pork is an hour or two from completion in the smoker, mix the pork, back fat, and salt together, and place in the freezer for 30 minutes. (This will help firm up the proteins and keep the fats from breaking down during grinding and mixing.)

Remove the pork from the smoker, set aside, and let cool. Once the pork is cool, shred with two forks to create long strands of meat about 1/4 inch thick. Transfer to a large bowl and set aside.

100 Sandwiches and Burgers


Drinking beer lends itself to writing and quite often writing

lends itself to drinking beer. Many great writers have found the muse at the bottom of a glass. For those who put pen to paper, its nice to know there are places out there that still care about quality pints and treating writers with respect. In Chicago, that place is the Haymarket Pub and Brewery. Those lucky enough to know Pete Crowley, the talented brewer who did his time at other Chicago breweries, say he has been soaring since firing up the kettles in his new place in late 2010. The front bar and dining room is a spacious, light-filled space with warm wood furniture and a dizzying display of televisions broadcasting everything from NASCAR to Cubs games. Crowley has a fondness for Belgian beer and has been trying to bring the sensibilities, traditions, and flavors of Belgium into his own recipes. Add in a bit of his creative flair and you will find some fine recipes that everyone should appreciate and enjoy. The back bar is where the writers hang out and has a bookshelf stocked with great works of writing on every subject from Chicago history to, of course, beer. While it can be easy to get lost in the beers, its also important to mention the food at Haymarket. Diners rave about the thin-crust pizzas, housemade sausages, and hand-cut fries. In a city that has been blessed with a number of great breweries and beer bars, Haymarket has quickly joined the ranks of a proud tradition.

1 (15-ounce) jar giardiniera 15 thin slices mozzarella cheese 15 brioche hamburger buns, sliced Note: Make sure you have plenty of Carolina-style barbecue sauce (spicy, vinegary, and sweet) on hand to top off this sandwich.


Form the sausage mixture into 15 3-ounce patties. Heat 2 tablespoons of the olive oil in a skillet over high heat and, working in batches, cook the patties until browned and cooked through; an instant-read thermometer inserted into the center of a patty should reach 150F. Repeat with the remaining sausage mixture, replacing and reheating the oil in the skillet as needed.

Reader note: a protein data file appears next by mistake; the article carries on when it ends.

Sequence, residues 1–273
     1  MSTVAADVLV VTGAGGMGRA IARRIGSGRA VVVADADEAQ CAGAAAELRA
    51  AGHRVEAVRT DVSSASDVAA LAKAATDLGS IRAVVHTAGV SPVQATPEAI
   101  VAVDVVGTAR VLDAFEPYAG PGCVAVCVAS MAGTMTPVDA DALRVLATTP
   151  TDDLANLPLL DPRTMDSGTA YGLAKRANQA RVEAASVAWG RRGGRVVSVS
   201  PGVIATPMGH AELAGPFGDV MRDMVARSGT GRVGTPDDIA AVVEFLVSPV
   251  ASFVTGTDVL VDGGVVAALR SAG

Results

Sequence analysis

Toss the pulled pork with the barbecue sauce. Build each sandwich by placing a layer of the giardiniera, a sausage patty, a slice of mozzarella cheese, and the pulled barbecue pork atop the bottom half of a brioche hamburger bun. Close the sandwich with the bun top and serve immediately with extra barbecue sauce.

Makes 15 sandwiches

Sandwiches and Burgers 101


North Coast Brewing Company is a California brewery that

walks the walk, talks the talk, and produces strong and flavorful beers worthy of your time and glass. Take for example the Brother Thelonious used in the short ribs recipe. Not only is the 9 percent dark strong ale everything one would want from the style, it is named after the late jazz master, Thelonious Monk, and a portion of the sales goes to benefit a charity in his name. The affable and knowledgeable Mark Ruedrich heads the brewery and has been an advocate for bringing new beers to market while honoring the past of craft brewing. For example, North Coast has resurrected the Acme Beer name a California brewing staple dating back to the 1800s. Visit the brewery and attached taproom and restaurant for a true taste of California with some genuine brewer hospitality.

Entrees 177

178 Entrees

Duck Chiles Rellenos

Rellenos are stuffed peppers, and this recipe combines a multitude of flavors for those who enjoy spicy heat. Anaheim chiles are sometimes called California or Magdalena chiles and rank among the lowest on the heat scale. Chicken may be substituted for duck, but this dish gets a lot of additional flavor from the waterfowl. Use a bold red ale heavy on the caramel malts (like the Karl Strauss Red Trolly Ale) for the cooking and pairthe end result with a hoppy red ale.


MAKE THE SAUCE: Heat the olive oil in a large saucepan. Add the onions and garlic and cook until translucent, about 5 minutes. Add the chiles, sugar, cinnamon, salt, black pepper, chicken broth, beer, and vinegar to the saucepan. Bring to a simmer and cook until the chiles are soft, about 30 minutes.

longer. Remove the sauce from the heat and let cool slightly. Transfer the sauce to a blender and pure until smooth. Strain the sauce through a mediumfine strainer, pushing the solids against the sides of the strainer until dry; discard the dry solids. Adjust the thickness of the sauce to that of thick cream with water if needed. Cover and set aside.

1 tablespoon extra-virgin olive oil 1 medium yellow onion, diced 2 garlic cloves, minced 4 dried ancho chiles 1 tablespoon sugar 1/2 teaspoon cinnamon 1/2 teaspoon salt Freshly ground black pepper 1 cup chicken broth 1 cup Karl Strauss Red Trolley Ale, or similar ale 1 tablespoon cider vinegar 1 cup crushed pineapple 1 banana, peeled and thinly sliced Water, if needed


Add the pineapple and banana and cook the sauce for 10 minutes recipe continues on next page